The largest sticking point, though, has been the effort to scale back unemployment insurance benefits. The White House and congressional Republicans largely agree that the $600 weekly payment established in the $2.2 trillion stimulus law on top of state unemployment pay is too generous, in some cases providing recipients more money than they received in their job, and discourages people from returning to work.
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Frequently Asked Questions
Updated July 23, 2020
What is school going to look like in September?
- It is unlikely that many schools will return to a normal schedule this fall, requiring the grind of online learning, makeshift child care and stunted workdays to continue. California’s two largest public school districts — Los Angeles and San Diego — said on July 13, that instruction will be remote-only in the fall, citing concerns that surging coronavirus infections in their areas pose too dire a risk for students and teachers. Together, the two districts enroll some 825,000 students. They are the largest in the country so far to abandon plans for even a partial physical return to classrooms when they reopen in August. For other districts, the solution won’t be an all-or-nothing approach. Many systems, including the nation’s largest, New York City, are devising hybrid plans that involve spending some days in classrooms and other days online. There’s no national policy on this yet, so check with your municipal school system regularly to see what is happening in your community.
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- The coronavirus can stay aloft for hours in tiny droplets in stagnant air, infecting people as they inhale, mounting scientific evidence suggests. This risk is highest in crowded indoor spaces with poor ventilation, and may help explain super-spreading events reported in meatpacking plants, churches and restaurants. It’s unclear how often the virus is spread via these tiny droplets, or aerosols, compared with larger droplets that are expelled when a sick person coughs or sneezes, or transmitted through contact with contaminated surfaces, said Linsey Marr, an aerosol expert at Virginia Tech. Aerosols are released even when a person without symptoms exhales, talks or sings, according to Dr. Marr and more than 200 other experts, who have outlined the evidence in an open letter to the World Health Organization.
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Does asymptomatic transmission of Covid-19 happen?
- So far, the evidence seems to show it does. A widely cited paper published in April suggests that people are most infectious about two days before the onset of coronavirus symptoms and estimated that 44 percent of new infections were a result of transmission from people who were not yet showing symptoms. Recently, a top expert at the World Health Organization stated that transmission of the coronavirus by people who did not have symptoms was “very rare,” but she later walked back that statement.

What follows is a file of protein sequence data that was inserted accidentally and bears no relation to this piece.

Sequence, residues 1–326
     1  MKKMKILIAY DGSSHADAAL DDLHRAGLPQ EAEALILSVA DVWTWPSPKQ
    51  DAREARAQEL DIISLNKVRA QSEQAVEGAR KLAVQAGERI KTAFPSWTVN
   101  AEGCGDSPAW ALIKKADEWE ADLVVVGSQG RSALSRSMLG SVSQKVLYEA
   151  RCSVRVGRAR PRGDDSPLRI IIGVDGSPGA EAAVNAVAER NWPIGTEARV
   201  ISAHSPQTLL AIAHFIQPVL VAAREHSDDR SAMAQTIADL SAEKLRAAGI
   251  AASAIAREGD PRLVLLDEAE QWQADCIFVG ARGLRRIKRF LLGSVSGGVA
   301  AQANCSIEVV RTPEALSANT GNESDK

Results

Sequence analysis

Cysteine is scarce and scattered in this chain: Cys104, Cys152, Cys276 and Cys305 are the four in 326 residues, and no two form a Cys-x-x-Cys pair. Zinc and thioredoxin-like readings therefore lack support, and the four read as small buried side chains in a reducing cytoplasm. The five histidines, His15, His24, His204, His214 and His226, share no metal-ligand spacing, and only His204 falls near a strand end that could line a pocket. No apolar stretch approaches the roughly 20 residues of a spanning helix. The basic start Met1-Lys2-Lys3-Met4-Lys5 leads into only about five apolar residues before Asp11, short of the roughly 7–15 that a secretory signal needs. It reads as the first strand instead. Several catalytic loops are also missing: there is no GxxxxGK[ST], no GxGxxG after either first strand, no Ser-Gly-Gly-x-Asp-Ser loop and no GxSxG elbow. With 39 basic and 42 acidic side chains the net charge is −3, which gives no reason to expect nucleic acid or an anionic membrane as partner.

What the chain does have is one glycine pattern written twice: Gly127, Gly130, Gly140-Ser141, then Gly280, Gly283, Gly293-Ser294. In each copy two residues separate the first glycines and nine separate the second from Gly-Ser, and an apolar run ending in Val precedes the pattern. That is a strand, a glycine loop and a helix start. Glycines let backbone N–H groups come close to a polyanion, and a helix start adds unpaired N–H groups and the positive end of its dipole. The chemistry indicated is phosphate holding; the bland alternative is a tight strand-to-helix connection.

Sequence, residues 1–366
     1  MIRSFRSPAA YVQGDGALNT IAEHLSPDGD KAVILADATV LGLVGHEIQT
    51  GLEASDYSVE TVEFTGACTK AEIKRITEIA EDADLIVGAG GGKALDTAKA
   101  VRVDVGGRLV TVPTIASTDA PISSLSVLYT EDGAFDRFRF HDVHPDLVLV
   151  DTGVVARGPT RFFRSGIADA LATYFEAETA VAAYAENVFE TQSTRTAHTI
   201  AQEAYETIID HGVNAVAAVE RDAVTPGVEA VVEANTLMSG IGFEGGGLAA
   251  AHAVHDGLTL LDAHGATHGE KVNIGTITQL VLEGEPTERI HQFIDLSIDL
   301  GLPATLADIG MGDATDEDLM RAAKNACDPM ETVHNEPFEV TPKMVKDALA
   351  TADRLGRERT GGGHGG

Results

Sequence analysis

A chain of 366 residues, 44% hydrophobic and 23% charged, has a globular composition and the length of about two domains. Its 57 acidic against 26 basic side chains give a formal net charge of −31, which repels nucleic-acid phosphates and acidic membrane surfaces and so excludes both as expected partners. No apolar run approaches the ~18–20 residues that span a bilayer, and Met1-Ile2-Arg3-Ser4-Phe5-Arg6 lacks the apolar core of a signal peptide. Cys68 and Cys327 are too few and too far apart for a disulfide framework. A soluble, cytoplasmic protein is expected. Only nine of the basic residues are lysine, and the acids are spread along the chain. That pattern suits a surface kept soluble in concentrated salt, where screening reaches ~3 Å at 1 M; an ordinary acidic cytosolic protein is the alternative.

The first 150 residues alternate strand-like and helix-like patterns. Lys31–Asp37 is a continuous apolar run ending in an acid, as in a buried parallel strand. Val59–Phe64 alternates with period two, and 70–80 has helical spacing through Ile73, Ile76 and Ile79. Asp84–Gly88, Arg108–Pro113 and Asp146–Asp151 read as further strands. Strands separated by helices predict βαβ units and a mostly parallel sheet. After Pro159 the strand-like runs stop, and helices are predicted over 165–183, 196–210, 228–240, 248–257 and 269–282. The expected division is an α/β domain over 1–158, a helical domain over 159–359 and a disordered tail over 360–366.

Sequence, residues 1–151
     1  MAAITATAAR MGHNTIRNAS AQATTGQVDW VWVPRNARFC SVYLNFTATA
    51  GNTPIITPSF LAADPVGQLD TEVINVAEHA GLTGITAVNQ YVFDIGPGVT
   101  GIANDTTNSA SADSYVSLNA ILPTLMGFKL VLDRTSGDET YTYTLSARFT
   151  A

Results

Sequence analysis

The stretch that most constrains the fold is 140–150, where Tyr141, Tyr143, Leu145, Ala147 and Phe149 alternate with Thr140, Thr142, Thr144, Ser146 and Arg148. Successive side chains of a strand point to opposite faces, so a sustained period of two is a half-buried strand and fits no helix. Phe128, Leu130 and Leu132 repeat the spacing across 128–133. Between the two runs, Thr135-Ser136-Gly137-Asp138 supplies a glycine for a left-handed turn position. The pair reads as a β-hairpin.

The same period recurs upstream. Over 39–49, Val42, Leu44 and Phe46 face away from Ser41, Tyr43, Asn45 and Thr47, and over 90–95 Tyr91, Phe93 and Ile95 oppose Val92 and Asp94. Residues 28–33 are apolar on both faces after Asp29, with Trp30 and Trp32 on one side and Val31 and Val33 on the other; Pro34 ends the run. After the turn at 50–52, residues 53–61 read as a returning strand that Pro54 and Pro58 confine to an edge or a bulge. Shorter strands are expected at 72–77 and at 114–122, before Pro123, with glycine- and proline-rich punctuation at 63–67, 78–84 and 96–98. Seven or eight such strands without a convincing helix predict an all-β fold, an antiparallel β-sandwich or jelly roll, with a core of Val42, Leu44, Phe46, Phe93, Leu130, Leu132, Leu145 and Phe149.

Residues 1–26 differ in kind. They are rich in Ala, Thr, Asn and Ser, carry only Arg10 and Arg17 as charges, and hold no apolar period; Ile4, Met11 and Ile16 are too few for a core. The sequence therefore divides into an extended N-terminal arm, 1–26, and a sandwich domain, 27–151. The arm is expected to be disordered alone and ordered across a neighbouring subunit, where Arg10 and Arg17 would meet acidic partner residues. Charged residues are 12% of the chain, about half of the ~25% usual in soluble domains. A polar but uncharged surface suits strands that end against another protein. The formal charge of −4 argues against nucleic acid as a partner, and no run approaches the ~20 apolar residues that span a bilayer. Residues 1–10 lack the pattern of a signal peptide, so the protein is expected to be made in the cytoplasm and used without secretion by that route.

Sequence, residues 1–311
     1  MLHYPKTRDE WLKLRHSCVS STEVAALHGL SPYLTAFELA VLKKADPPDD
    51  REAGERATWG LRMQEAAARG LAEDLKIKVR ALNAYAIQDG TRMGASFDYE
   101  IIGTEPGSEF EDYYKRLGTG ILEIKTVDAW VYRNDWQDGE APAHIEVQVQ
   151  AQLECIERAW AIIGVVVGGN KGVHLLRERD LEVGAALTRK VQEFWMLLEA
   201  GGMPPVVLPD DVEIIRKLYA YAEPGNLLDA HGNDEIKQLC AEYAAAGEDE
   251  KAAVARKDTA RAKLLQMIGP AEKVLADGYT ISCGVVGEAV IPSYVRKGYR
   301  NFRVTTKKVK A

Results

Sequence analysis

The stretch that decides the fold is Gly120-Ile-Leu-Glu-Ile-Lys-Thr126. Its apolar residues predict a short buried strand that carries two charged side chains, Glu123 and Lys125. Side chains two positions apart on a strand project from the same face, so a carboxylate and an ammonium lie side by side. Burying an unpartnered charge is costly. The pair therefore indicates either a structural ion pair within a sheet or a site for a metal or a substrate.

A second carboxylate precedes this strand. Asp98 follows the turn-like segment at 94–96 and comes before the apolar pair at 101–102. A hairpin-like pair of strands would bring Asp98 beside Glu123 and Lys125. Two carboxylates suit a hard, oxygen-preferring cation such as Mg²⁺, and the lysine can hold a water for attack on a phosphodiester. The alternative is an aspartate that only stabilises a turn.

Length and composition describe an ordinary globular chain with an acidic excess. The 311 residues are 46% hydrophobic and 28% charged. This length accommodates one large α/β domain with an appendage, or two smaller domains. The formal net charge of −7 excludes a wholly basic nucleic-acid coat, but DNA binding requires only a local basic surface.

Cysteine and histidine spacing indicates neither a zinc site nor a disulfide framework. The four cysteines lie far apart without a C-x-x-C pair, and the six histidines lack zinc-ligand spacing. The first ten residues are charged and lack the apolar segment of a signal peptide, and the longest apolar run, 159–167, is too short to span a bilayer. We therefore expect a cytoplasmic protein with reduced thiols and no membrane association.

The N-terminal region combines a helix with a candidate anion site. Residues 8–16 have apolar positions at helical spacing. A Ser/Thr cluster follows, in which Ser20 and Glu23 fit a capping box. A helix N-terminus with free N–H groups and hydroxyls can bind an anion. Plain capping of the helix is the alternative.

“The original unemployment benefits actually paid people to stay home, and actually a lot of people got more money staying at home than they would going back to work,” Mr. Meadows said on Sunday. “So the president has been very clear, our Republican senators have been very clear, we’re not going to extend that provision.”
Democrats, who want to extend the current benefit through the end of the year, say Republicans’ plan would present significant technical hurdles and cut funds to Americans when they need it. When Democrats in March proposed matching 100 percent of a worker’s prior income, Labor Department officials said that antiquated state unemployment systems would make it too complicated to execute.
The National Association of State Workforce Agencies also warned Capitol Hill this week that such a significant change to the current program was likely to take months for states to carry out, according to a memo obtained by The New York Times, meaning that it would take even longer for Americans to start receiving the benefits again.
Even though the benefits program is set to expire at the end of July, workers in most states are already losing access to the expanded unemployment payments. Experts fear further economic turbulence if the program is not quickly reinstated.
After an unusual Saturday meeting with Senate staff on Capitol Hill, Mr. Mnuchin and Mr. Meadows said they also planned to include a number of tax incentives in their bill to help businesses trying to reopen, as well as language providing for what Mr. Meadows described as “manufacturing incentives to make sure we can support American jobs.”
And Mr. Kudlow said on Sunday that the White House was looking to include an extension on a moratorium on evictions that just expired.
“We will lengthen the eviction” moratorium, he said. “We will lengthen it.”
Alan Rappeport and Katie Rogers contributed reporting.